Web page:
Church of St Nicholas, Trellech facts for kids
Quick facts for kidsChurch of St Nicholas, Trellech, Monmouthshire
|Church of St Nicholas|
"One of the finest churches in the county"
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|Denomination||Church in Wales|
|Heritage designation||Grade I|
|Designated||19 November 1953|
|Parish||Trellech and Penallt|
The Church of St Nicholas, Trellech, Monmouthshire is a parish church with its origins in the 14th century. The historical and architectural evidence suggests that it was constructed largely in a single building period c.1300. The style is Decorated Gothic. The church was extended and repaired in the 18th century, and underwent two major reconstructions in 1893 and 1992. An "exceptionally fine and well preserved medieval church", it is a Grade I listed building. It remains an active parish church in the parish of Trellech and Penallt.
The structural, and historical evidence suggests that the church was built in a single period at the start of the 14th century. The writer Simon Jenkins suggests the building was a re-building, following a fire in 1296 which destroyed the original church. The priest's door near the porch appears somewhat earlier than 1300, but the architectural historian John Newman suggests that this "cannot be taken as evidence of Norman fabric". The tower may be of the same period, or somewhat later. It has certainly been rebuilt subsequently, records suggesting it collapsed in a storm. The weathercock is dated 1792. The church was extensively restored in 1893 and again in 1992. It remains an active parish church, dedicated to Saint Nicholas.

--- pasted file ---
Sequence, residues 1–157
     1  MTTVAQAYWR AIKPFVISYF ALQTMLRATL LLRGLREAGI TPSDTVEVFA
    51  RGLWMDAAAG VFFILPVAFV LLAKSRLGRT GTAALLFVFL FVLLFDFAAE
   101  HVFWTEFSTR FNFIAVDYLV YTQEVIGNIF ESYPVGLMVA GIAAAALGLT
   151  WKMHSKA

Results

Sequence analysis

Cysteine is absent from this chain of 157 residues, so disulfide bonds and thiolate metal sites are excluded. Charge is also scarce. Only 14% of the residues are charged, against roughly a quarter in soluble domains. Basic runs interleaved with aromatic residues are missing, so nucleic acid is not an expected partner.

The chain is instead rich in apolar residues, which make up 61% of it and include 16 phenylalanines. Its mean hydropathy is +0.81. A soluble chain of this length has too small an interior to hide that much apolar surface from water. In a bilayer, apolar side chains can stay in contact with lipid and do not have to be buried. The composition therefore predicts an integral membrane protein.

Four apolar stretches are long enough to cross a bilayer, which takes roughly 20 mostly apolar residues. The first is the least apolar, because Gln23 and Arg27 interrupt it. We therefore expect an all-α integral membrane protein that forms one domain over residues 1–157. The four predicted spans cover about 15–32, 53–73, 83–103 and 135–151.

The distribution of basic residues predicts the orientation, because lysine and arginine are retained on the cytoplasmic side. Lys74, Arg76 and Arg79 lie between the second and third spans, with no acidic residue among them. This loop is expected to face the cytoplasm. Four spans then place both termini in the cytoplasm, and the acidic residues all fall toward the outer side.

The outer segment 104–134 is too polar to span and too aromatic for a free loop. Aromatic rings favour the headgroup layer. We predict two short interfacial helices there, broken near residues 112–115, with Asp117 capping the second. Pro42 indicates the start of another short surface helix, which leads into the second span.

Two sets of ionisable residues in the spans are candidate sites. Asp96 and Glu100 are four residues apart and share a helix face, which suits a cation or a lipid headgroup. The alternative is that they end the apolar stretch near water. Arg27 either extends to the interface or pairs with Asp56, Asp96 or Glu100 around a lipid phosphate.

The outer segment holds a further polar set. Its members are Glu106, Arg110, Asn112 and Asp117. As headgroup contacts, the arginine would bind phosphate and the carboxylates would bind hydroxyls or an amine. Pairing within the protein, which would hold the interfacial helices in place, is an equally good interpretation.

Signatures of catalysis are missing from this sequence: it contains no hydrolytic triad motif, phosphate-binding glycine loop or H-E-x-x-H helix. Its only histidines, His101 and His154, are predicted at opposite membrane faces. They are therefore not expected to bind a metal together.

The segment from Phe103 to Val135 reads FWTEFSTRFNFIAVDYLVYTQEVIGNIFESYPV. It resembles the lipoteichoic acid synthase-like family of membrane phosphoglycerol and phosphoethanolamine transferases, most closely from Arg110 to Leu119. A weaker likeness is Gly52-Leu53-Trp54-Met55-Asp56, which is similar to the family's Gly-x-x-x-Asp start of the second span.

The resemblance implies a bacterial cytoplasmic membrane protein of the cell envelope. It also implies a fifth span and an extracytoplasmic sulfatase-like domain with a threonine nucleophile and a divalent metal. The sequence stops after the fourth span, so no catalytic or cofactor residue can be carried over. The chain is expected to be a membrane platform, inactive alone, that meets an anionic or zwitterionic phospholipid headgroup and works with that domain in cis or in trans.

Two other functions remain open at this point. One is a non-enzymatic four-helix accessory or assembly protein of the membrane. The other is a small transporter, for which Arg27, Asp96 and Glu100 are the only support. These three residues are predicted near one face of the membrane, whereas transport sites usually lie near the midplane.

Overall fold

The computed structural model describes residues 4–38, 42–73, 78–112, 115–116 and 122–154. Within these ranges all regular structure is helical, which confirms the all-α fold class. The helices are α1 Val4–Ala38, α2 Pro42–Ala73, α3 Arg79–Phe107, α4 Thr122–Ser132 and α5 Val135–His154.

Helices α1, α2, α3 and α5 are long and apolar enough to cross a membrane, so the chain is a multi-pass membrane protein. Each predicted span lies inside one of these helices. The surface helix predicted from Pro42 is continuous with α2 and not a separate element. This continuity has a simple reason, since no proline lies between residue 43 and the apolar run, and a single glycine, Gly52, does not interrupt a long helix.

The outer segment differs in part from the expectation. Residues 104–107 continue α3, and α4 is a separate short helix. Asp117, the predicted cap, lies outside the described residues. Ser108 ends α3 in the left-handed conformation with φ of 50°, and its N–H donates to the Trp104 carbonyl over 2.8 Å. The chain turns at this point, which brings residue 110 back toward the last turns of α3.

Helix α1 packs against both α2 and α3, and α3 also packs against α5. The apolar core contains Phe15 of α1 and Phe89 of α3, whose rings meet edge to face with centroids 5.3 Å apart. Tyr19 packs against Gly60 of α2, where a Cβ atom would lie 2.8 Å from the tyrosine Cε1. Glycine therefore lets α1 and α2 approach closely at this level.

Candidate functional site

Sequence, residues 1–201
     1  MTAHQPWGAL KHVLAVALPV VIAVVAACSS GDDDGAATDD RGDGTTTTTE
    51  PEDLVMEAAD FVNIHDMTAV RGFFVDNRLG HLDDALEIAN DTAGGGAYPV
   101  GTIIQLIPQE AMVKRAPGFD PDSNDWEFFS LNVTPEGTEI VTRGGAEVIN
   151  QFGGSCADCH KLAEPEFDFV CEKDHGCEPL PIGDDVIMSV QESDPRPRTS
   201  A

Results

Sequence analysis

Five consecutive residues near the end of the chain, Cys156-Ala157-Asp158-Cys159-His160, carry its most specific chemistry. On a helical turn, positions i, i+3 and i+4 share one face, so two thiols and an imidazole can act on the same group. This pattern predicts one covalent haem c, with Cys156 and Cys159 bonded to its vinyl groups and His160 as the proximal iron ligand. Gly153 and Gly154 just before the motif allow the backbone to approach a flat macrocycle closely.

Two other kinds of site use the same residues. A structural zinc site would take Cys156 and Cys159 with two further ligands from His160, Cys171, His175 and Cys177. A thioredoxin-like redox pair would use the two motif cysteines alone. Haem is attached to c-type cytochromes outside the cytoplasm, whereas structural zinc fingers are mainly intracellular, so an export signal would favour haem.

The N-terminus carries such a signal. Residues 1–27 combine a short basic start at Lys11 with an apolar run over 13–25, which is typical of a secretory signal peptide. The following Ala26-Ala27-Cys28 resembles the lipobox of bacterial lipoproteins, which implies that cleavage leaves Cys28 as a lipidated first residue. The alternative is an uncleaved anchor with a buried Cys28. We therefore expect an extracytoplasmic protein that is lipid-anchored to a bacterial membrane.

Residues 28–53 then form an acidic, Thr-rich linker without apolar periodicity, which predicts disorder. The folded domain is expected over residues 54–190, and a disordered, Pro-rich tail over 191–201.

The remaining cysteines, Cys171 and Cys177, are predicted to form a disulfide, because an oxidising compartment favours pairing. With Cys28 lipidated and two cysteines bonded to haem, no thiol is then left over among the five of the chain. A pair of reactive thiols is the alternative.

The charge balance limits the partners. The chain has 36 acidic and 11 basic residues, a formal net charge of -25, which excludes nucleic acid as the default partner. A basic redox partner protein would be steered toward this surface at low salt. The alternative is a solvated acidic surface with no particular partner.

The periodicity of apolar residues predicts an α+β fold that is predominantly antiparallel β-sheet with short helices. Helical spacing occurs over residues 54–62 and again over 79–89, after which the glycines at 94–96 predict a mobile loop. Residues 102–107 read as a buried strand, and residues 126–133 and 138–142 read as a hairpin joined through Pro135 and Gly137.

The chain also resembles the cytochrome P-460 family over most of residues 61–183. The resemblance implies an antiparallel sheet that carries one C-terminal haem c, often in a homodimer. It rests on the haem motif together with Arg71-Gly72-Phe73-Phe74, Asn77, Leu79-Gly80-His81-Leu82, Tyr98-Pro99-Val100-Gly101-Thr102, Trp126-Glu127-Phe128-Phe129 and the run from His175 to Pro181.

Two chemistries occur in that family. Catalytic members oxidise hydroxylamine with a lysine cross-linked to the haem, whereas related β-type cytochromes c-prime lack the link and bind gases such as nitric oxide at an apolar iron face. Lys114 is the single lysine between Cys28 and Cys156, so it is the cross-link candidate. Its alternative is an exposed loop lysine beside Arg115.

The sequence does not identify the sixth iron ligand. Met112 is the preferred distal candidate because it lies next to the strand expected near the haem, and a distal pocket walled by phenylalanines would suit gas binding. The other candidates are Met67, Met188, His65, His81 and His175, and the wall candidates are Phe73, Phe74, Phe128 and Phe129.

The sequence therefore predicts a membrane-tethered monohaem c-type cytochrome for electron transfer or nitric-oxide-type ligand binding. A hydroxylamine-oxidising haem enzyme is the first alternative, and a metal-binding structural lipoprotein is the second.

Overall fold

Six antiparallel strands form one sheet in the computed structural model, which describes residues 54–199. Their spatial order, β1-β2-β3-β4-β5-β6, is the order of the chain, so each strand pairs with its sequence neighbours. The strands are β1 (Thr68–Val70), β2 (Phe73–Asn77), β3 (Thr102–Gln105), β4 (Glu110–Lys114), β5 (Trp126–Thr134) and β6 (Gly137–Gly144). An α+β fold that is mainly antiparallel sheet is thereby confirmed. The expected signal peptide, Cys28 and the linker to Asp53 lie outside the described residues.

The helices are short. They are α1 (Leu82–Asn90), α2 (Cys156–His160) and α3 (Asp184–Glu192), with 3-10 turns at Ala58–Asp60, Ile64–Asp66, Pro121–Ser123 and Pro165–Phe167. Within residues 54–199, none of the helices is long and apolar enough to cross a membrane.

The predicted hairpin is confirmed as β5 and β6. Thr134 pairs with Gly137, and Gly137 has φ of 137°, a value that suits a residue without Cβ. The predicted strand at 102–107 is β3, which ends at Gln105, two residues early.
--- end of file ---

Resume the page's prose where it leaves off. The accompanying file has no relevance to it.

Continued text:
Architecture and description
John Newman describes St Nicholas's as "one of the finest churches in the county". The church is constructed of Old Red Sandstone. Simon Jenkins notes that the stone is "so coated in lichen as to seem almost leprous. The church comprises a, two-aisle, nave, a chancel, a porch and the west tower. The tower is topped with a spire, rising "from behind a battlemented parapet". Jenkins suggests that the interior is "handsome but curiously cold"; it was plastered and painted, and a new floor laid, in the 1992 restoration. The arrangement of the altar rails is "a remarkable survival", following a "Laudian" plan. The church contains a Royal Coat of Arms of Charles II, dated 1683, and a 17th-century sundial, which originally stood in the open air near to the village school and was moved into the church in 1895. Donated by Lady Probert, of The Argoed, Penallt, and dated 1689, it shows three of the main attractions of Trellech; Tump Terret, with the inscriptions MAGNA MOLE ("Great in its Mound") and O QUOT HIC SEPULTI ("Oh! How many are buried here"); Harold's Stones with the inscriptions MAIOR SAXIS ("Greater in its Stones") and HIC FUIT VICTOR HARALDUS ("Here Harold was victorious"); and the Virtuous Well, with the inscription MAXIMA FONTE ("Greatest in its Well").
The church is a Grade I listed building, its Cadw report describing it as "an exceptionally fine and well preserved medieval church".